Cobb Fire Department on the dangers of fireworks

·2 min read

Jul. 2—AUSTELL — Brows raised, the mannequin leaned expectantly over the mortar tube.

Owing perhaps to its watermelon cranium, a vacant look lay in his google-eyes. Mercifully, he appeared unconcerned about his imminent rendezvous with oblivion.

As the fuse was struck, firefighters and camera crews kept back at what was presumed to be a safe distance. A burst of smoke, color, and noise later, and the unsuspecting melon-man was left teetering with his face shorn off and his noggin scattered into dozens of pieces on the asphalt.

And that, Cobb County firefighters added, is why July Fourth revelers should never attempt to relight a firework.

Thursday's fireworks safety demonstration was intended to hammer home the dangers of unauthorized pyrotechnics. Firefighters made the case that residents should exercise particular caution ahead of the Independence Day weekend.

"This tends to be the busiest time of year for us for fires and emergency medical services," said fire department spokesperson Nick Danz, adding that the department sees thousands of injuries and fires during the summer months.

Indeed, the lesson hit a shade too close to home as a spark from the mortar or a bit of shrapnel appeared to catch one of the nearby firefighters, who retreated indoors clutching her face and flanked by several of her coworkers.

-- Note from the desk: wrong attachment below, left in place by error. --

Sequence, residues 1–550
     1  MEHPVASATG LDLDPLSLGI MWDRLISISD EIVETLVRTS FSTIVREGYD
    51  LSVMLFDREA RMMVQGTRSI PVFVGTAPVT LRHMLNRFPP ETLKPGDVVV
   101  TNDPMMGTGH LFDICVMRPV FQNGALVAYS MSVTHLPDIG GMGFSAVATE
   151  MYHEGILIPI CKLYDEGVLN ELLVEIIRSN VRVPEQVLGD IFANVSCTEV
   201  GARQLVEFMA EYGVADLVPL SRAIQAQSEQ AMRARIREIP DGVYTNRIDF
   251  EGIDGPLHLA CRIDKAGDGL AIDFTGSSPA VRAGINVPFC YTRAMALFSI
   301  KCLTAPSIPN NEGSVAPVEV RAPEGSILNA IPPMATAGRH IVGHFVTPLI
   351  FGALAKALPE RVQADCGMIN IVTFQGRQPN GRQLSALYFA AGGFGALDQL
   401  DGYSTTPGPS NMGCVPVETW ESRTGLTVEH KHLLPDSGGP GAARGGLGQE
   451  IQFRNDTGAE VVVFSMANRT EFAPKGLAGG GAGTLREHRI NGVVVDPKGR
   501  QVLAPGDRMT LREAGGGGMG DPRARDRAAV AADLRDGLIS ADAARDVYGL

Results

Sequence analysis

Ramses Rivas, spokesperson for the department, later said the firefighter was doing well.

The incident hammered home the importance of detonating fireworks at a safe distance from bystanders and observers.

The department also demonstrated an idea as foolhardy — if not more — than inspecting a firework which has not launched. Another mannequin had a mortar taped to its faux hands, and found itself with two fewer appendages after detonation.

Firefighters said by far the most dangerous device, in terms of number of injuries, are the otherwise innocuous-looking sparklers. Though not explosive, sparklers burn at temperatures over 1,000 degrees Fahrenheit, nearly twice as hot as a wood fire.

Danz produced a thermal imaging camera to display the risks of sparklers, clocking around 1,050 degrees. He then touched the sparkler to an impaled hot dog, which left an ugly scar on the frankfurter within seconds.

Given sparklers cause more injuries than any other type of firework, Cobb recommends parents consider glow sticks or noisemakers as more child-appropriate means to get into the patriotic spirit.

The best bet for enjoying a display, Danz added, is to attend one of dozens of planned professional fireworks shows over the course of the weekend.

It's also worth noting that improper use of fireworks can draw the attention of law enforcement. While their use is typically banned after 9 p.m., state law allows fireworks to be used up until midnight on July 3 and 4. Fireworks are also prohibited in county parks.